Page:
Telecommuting initiatives fail for two primary reasons. Sometimes the expectations are unreasonable and other times execution fails.
Both management and individual workers have expectations about what telecommuting will mean for them. Management may expect reduced costs, for example. Telecommuters often expect great flexibility.
Either side can be wrong about how things will work out. One preventive is good planning and careful pre-initiative study. For large companies, a live-fire trial in a couple of different situations can teach big lessons. It's also a good idea to roll things out slowly, on a trial basis, until details about how things will work out.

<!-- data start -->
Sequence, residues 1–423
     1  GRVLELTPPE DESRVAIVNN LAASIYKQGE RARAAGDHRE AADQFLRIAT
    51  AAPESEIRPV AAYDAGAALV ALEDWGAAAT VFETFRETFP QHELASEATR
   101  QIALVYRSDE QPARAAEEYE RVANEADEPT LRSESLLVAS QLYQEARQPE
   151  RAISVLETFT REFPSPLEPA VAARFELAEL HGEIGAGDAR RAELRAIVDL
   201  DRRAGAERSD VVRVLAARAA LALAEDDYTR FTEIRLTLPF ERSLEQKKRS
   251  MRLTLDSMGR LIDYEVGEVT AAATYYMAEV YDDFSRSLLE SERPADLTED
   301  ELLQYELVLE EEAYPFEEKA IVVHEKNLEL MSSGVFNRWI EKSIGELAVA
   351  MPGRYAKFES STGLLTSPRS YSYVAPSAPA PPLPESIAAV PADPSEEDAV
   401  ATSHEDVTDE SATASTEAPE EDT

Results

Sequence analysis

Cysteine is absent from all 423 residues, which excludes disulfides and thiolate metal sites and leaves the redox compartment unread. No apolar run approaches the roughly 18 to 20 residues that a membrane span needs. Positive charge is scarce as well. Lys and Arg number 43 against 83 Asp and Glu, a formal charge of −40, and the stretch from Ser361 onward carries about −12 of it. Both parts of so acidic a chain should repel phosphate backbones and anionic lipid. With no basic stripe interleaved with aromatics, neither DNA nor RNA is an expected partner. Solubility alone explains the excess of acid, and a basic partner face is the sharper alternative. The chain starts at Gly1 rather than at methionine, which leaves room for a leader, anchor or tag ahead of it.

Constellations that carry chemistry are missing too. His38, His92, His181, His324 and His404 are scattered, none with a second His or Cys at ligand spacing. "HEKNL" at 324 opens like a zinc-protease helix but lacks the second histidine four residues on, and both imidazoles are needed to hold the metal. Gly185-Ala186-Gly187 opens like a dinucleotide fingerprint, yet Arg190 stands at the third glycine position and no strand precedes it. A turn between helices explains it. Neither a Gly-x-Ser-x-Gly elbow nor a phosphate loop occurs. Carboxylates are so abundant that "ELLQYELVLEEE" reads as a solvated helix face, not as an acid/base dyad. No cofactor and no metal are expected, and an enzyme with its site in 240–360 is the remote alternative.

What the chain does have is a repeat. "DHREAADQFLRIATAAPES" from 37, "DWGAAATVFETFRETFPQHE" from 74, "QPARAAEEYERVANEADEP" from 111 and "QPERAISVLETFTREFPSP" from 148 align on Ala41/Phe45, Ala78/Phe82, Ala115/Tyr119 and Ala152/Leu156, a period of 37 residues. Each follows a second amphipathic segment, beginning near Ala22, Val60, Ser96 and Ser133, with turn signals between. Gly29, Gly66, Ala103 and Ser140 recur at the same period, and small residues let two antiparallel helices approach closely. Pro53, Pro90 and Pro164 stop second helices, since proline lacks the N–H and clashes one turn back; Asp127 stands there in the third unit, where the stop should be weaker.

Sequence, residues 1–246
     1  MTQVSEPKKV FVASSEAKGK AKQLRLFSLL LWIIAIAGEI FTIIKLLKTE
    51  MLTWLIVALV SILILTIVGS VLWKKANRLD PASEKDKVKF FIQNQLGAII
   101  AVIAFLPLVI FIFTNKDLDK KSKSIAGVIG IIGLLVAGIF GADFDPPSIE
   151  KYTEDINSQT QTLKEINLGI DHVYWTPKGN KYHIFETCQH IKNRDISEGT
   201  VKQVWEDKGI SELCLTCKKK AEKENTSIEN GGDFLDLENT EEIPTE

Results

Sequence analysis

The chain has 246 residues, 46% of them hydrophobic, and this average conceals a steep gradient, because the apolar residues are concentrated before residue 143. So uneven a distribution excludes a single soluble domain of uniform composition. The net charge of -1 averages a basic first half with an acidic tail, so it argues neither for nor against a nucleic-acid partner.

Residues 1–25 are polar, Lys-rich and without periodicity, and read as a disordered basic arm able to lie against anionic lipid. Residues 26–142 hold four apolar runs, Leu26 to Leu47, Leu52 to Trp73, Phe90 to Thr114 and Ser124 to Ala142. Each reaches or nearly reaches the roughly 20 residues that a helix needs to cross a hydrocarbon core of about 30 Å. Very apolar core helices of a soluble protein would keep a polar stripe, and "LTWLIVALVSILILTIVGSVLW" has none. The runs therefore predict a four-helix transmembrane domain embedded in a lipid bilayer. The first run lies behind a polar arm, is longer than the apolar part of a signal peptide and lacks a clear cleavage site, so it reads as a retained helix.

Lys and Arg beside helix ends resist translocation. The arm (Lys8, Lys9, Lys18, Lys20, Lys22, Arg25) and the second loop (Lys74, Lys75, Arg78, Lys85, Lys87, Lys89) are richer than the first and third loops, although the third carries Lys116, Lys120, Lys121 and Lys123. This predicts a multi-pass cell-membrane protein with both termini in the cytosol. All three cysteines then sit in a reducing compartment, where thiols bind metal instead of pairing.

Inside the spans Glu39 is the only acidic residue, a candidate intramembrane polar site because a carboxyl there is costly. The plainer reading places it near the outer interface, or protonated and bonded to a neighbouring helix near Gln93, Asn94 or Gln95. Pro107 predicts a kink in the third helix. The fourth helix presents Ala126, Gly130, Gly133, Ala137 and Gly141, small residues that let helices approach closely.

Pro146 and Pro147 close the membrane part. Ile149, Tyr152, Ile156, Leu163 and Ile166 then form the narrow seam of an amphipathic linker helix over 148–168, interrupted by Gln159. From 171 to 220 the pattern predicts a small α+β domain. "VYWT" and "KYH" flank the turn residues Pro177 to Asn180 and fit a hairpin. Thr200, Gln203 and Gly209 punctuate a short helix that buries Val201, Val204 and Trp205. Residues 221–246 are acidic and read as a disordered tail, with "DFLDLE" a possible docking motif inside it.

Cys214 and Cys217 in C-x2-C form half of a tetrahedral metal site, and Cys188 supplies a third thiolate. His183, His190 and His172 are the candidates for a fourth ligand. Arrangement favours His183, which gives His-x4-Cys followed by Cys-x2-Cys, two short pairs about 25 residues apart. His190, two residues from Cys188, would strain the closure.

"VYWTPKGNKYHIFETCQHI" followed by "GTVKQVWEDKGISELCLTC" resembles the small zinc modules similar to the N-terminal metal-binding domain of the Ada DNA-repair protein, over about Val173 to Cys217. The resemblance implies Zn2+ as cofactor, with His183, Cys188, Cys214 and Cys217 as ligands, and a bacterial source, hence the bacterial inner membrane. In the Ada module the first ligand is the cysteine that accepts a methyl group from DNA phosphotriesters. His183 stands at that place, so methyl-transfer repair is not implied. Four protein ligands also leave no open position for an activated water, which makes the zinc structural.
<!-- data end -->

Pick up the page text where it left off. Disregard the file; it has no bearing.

Companies should pay attention to: legal and liability issues; any equipment or support costs.
Individuals should pay attention to: reasonable expectations in terms of flexibility; the danger that working at home will mean working all the time or that work will intrude into family life in unacceptable ways.
I donít' see a right answer on any of these things. Instead a good process can help things come out right.
As for execution, the problems are usually with supervision. That includes setting clear and reasonable expectations and following up on performance.